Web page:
He argued that while the “best human beings are collaborative, compassionate, empathetic and free of most defects of character …the best leaders usually are not”. As he put it: “When will we admit it? Effective leaders are less like Santa Claus handing out gifts, less like Mother Teresa blessing sick people, and more like Kobe Bryant coolly sticking a dagger into the heart of an opponent as he drops a three-point buzzer beater to win a tight game.”
Similarly, the influential book, Cradles of Eminence: Childhoods of More Than 700 Famous Men and Women (2020) by Victor Goertzel et al made pretty much the same point. In the book, the authors revealed that the biggest stage leaders had unhappy childhood, which in turn fuels their desire for what Steve Jobs, the late co-founder of Apple Computers, would call a desire to “make a dent in the universe”. That unhappiness, the authors noted, also fuels the nasty streak in them which in turn drives their determination to get things done. One of the narratives about Tinubu was that he was so poor that he had to be self-taught during his basic education years.
Just as his critics, Tinubu also has a number of options: One, the struggle to capture his presidency started in earnest even before INEC declared him the winner and various instrumentalities were (and are still being) used by the various contending forces in this struggle: tale bearing, conspiracy theories and playing the ethnic and religious cards. Tinubu has the option of which of the contending forces he wants to align with.
Two, where does Tinubu want to locate himself between his triumphalist supporters (the BATists) and the ‘resistant’ and ‘refusnik’ groups? In his keynote speech at the inaugural lecture on Saturday, May 27, 2023, former Kenyan President Uhuru Kenyatta, appealed to then incoming President of Nigeria to unite the country irrespective of ethnic, political and religious cleavages that may exist. “The contest is now over and the hard work of building a prosperous and unified Nigeria now begins.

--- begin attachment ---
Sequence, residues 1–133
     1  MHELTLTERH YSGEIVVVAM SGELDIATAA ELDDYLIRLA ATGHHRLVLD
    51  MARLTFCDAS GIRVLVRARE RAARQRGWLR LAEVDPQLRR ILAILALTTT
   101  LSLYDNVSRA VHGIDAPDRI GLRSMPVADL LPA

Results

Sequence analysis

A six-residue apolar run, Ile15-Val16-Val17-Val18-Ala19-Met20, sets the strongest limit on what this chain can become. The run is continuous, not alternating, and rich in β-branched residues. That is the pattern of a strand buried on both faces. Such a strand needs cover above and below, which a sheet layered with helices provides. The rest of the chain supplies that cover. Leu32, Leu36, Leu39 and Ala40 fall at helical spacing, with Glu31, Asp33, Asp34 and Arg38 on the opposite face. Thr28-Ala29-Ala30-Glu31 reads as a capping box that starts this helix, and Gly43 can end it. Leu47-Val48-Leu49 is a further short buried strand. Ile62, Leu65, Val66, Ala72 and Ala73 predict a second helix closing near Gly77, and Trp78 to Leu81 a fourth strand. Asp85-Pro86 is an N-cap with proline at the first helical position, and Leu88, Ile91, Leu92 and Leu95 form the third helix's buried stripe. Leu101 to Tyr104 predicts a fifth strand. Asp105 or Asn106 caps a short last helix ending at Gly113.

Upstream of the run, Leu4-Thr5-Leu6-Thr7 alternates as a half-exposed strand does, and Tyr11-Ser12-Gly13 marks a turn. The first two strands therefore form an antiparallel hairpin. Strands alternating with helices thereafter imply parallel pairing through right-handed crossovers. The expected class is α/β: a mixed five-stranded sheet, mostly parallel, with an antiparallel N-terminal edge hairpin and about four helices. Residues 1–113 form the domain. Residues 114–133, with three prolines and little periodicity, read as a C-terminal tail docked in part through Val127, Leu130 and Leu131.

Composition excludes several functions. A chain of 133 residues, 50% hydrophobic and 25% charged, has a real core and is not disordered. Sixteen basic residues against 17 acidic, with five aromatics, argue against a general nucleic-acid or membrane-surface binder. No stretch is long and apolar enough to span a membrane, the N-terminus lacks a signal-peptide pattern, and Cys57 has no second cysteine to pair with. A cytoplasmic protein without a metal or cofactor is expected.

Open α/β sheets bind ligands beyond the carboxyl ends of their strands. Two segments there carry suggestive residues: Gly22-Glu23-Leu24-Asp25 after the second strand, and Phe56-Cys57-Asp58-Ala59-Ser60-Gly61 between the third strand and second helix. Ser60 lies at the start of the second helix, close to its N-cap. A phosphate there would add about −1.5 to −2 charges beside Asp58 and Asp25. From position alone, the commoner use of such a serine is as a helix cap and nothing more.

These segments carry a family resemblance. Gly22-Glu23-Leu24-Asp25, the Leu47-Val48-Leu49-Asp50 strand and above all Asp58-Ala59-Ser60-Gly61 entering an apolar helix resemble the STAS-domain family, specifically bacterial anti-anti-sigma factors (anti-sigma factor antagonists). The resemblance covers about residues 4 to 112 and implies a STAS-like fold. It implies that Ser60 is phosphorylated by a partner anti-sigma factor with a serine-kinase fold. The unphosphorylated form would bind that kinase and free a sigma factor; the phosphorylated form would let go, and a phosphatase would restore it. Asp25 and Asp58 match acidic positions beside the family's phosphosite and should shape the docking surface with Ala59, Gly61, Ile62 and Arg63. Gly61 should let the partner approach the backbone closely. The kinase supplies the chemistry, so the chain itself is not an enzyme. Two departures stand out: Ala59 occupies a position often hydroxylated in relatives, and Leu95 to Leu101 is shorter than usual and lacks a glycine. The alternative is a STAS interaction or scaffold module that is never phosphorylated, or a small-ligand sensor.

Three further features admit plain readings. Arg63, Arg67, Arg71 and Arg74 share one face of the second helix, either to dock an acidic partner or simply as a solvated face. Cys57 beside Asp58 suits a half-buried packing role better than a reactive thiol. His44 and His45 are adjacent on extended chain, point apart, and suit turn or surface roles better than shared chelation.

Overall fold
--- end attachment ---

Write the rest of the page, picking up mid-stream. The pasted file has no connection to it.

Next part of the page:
Upon assuming the office of president, you would be wise to transcend from tactical politics of an election and assume your role as Nigeria’s vision bearer.” This may be easier said than done. Despite being inaugurated as President, the contest between the triumphalist BATISTs and a coalition of anti-Tinubu forces will simmer for a while, especially with what many regard as an insult from Shettima who claimed during the inauguration lecture that the election that brought them to power, (whose outcome is being contested in the court), is the “freest and fairest” in the country’s political history.
Three, security is a major challenge. But how can Tinubu fight separatist agitations, especially in the South-East, banditry in the North-West, herdsmen’s terrorism across the country and Boko Haram/ISWAP terrorism in the North-East when any solution he throws at any of these problems is likely to oxygenate our traditional fault lines? Four, Shettima has indicated that two of the immediate challenges facing the new government would be removing fuel subsidy and sorting out the prevailing multiple exchange rate regimes.
But how can a government that has come to power with an unprecedented level of legitimacy crisis be able to do so without compounding its problems?
Five, Tinubu said he would vigorously fight corruption but how can he do this when many Nigerians sneer that the phrase ‘fighting corruption’ seems to sound odd on his lips, given the questions about the sources of his wealth and the other controversies in which he is steeped in? Truly the challenges before the Tinubu government are enormous at a time the economy is comatose. And the options available to him are more like the Devil’s alternative: whichever option he embraces, there will be unpalatable consequences – at least in the short run.